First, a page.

I don't think there is a way to get Google Earth to log in to a server if the pop-up doesn't show up.  I don't believe google earth supports a variety of authentication methods, I think it's just http basic and maybe digest.

With some code I'm pretty sure it'd be possible to add a security mode like HIDE but that allows the pop-up to show up.  It just wasn't a use case when developing the initial security stuff.  But there are more directions the security could go.  Patches are accepted, or there is commercial support to fund someone to code the improvements you want if you spec out exactly what you need.

best regards,

Chris

On Wed, Apr 22, 2009 at 6:35 AM, Roger Bedell <sylvanascent@mail2web.net> wrote:
Hello again group,
 
I just noticed something about GeoServer security that is a little troubling.
Essentially, there is no way to hide the layer metadata for secure layers, and use them in Google Earth at the same time.
 
The metadata shows up whenever you request the layer list from GeoServer, for example in the Demo page, or if you are using a WFS/WMS consumer and ask to add a WFS or WMS layer. While you will see the secure layers in the list, you cannot actually access them without a password.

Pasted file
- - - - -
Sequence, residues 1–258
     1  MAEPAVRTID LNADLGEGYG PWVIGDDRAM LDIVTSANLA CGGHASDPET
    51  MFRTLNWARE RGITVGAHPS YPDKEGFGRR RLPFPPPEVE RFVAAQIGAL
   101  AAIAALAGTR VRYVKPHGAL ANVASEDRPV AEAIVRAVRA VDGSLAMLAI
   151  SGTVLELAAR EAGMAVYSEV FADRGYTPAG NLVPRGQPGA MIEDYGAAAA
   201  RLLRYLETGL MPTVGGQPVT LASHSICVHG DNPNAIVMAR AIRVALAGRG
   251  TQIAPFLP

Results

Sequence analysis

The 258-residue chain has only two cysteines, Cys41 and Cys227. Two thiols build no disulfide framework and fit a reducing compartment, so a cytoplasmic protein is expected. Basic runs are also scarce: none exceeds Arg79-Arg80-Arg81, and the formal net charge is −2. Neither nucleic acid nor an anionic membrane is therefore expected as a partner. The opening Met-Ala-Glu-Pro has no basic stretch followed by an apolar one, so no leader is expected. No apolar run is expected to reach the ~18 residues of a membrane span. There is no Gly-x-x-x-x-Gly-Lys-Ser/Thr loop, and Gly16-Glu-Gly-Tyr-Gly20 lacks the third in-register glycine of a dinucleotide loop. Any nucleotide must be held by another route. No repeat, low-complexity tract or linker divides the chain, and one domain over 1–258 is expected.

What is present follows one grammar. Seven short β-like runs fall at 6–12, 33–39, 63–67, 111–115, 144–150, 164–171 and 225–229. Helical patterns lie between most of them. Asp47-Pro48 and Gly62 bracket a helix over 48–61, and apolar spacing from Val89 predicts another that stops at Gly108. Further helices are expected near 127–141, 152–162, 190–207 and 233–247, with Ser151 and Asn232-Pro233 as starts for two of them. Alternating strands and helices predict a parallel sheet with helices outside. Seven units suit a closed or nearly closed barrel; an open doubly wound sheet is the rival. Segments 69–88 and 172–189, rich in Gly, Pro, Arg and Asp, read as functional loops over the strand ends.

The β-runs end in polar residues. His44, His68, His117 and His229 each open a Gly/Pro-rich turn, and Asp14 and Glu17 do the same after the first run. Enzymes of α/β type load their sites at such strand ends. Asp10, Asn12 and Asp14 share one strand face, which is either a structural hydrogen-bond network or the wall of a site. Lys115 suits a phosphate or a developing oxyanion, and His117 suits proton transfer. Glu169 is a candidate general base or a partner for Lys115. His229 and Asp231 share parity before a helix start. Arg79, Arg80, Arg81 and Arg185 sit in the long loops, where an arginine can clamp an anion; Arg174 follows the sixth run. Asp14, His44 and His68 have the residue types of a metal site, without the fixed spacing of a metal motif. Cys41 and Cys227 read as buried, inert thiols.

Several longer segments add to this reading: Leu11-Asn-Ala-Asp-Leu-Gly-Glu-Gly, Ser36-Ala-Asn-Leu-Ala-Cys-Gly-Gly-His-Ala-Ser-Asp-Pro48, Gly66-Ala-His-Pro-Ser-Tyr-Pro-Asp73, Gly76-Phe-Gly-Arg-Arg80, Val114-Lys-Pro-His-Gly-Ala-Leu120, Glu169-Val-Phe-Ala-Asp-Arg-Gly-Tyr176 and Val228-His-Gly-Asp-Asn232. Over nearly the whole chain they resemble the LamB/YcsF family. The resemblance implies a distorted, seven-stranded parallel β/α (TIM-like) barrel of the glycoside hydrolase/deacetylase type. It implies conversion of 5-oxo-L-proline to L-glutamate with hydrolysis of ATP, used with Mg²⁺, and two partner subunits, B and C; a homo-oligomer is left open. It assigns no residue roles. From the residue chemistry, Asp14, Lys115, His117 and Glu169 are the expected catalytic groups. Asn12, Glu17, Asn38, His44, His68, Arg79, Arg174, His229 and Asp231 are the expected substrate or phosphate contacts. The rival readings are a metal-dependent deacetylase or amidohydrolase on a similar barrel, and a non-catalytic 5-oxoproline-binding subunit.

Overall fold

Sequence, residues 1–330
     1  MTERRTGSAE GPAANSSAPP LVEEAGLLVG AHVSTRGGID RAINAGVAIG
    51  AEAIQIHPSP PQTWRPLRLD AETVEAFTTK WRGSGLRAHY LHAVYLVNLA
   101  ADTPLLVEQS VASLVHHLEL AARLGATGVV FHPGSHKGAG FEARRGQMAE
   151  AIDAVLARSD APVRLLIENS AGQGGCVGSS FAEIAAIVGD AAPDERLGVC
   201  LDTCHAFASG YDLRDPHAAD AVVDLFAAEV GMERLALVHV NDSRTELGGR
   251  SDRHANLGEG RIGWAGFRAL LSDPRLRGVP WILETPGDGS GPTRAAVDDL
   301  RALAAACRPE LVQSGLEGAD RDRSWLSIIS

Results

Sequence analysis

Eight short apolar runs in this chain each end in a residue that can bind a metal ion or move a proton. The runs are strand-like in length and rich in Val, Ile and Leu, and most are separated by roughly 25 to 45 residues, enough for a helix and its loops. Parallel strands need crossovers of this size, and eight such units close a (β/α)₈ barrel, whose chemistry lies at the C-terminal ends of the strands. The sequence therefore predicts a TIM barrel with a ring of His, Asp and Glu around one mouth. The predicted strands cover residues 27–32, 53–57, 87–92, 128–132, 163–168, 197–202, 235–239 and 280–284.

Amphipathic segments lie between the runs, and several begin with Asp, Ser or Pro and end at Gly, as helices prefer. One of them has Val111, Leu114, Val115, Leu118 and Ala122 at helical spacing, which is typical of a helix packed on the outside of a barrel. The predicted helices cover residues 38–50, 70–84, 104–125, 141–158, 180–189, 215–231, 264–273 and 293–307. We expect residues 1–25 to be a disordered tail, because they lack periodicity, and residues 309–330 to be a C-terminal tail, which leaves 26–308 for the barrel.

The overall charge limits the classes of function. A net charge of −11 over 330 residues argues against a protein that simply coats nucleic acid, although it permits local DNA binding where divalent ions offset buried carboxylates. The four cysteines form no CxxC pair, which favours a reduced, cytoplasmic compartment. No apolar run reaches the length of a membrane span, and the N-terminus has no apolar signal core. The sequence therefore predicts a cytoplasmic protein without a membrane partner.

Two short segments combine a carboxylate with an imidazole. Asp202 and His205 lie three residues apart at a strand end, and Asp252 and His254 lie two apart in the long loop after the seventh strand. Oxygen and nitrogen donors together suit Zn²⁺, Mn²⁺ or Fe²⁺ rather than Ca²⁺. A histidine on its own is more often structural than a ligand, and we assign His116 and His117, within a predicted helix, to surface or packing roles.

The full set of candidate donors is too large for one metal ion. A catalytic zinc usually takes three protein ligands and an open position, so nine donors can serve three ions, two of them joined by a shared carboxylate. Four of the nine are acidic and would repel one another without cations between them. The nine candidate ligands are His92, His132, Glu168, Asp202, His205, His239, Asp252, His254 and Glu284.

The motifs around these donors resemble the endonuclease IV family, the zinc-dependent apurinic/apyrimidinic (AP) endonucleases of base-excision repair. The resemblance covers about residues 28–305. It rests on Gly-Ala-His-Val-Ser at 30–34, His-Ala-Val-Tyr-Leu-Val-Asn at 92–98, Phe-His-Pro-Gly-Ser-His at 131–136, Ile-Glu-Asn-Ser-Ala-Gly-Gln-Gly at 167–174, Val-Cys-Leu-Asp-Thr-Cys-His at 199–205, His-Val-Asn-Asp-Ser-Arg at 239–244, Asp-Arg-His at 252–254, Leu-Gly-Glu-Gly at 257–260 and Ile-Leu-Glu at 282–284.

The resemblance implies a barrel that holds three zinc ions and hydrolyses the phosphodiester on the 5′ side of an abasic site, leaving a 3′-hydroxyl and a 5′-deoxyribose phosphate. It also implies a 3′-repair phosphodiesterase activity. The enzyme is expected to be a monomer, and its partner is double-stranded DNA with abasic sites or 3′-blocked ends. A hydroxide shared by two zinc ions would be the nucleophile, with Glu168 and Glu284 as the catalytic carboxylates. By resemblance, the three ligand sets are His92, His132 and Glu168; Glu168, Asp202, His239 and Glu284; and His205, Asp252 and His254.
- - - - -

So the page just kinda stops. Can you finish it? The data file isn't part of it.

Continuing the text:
So, say we have a layer called "Top Secret Data". You would see it in the Demo page or in AutoCad Map for example, but not be able to access it without the password.
 
Now, there is a way to hide the secure layers from an un-logged-in user, using the mode=HIDE but then it is not possible to use the layer in Google Earth because the login popup doesn't show up.
 
Question 1) Does anyone know how to get Google Earth to log into a server if the login popup doesn't show up?
Question 2) Would it be possible to add another security mode that is like HIDE, but allows the login popup to show? (probably not, because you would already have done it!)
 
I don't know if this is that important, because the data is still secure. The issue would be that some people might be intrigued by a layer named "Top Secret Data" and try to hack in. I guess you could call the layer something less interesting like "Really Boring Data" instead of "Top Secret Data"...
 
Roger

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